This study investigates the impact of body mass index (BMI) on the prognosis for patients with breast cancer within the context of race (African-American versus Caucasian) and ethnicity (Hispanic versus Non-Hispanic). Overall, this study included 1,368 female breast cancer patients diagnosed between 2007 and 2010 with electronic medical record data accrued from a large Florida hospital network. Non-Hispanic black patients comprised 8.77% of the cohort and Hispanic patients made up 7.56%. Multivariate analysis revealed that breast cancer death rate was increased over 2.6-fold for underweight patients ubiquitously, regardless of race or ethnicity. Patients overweight or obese did not have an increased hazard rate compared to those of normal weight. Importantly, the mechanism for the poorer prognosis for underweight patients needs to be defined. We suggest the use of a low BMI as a high-risk factor for breast-cancer mortality in all racial and ethnic populations.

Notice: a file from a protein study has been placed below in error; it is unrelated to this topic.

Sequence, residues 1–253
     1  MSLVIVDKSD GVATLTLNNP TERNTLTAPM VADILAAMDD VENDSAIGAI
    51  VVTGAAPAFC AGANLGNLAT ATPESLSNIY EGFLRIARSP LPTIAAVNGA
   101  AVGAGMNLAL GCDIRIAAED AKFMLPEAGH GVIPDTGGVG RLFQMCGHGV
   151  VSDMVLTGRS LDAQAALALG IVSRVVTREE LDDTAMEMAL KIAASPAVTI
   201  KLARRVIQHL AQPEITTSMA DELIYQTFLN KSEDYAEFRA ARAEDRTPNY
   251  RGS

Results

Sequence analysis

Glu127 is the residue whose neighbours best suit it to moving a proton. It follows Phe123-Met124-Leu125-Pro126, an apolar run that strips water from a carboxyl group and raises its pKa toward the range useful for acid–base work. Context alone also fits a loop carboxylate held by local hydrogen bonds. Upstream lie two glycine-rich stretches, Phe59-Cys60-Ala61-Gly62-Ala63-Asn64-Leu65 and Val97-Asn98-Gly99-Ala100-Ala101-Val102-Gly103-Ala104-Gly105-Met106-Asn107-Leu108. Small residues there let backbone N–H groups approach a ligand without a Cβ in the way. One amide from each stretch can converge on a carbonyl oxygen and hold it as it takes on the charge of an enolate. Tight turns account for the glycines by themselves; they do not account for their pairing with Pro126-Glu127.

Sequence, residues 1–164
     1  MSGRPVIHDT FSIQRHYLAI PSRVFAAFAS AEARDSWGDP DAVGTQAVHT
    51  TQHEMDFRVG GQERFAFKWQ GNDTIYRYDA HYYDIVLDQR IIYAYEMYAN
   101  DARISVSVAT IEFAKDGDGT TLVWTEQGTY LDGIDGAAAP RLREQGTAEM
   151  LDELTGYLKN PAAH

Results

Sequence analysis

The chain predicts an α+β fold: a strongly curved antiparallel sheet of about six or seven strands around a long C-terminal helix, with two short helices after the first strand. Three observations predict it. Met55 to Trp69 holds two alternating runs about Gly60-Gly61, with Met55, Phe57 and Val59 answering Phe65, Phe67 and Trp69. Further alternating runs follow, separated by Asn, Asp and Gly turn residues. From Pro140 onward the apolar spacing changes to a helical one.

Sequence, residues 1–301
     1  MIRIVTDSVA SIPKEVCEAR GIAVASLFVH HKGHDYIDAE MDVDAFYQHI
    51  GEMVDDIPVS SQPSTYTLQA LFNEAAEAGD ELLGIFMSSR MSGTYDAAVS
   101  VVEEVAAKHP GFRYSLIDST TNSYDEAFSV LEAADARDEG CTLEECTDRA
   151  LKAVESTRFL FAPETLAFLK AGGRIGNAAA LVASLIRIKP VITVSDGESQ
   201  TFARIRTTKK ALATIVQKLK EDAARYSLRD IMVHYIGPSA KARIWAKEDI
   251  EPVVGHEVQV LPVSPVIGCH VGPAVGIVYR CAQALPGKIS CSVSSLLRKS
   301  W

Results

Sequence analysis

Tan, F. (2017). Impact of Body Mass Index on Prognosis for Breast Cancer Patients. Jwhg, 1–6. https://doi.org/10.17303/jwhg.2017.4.202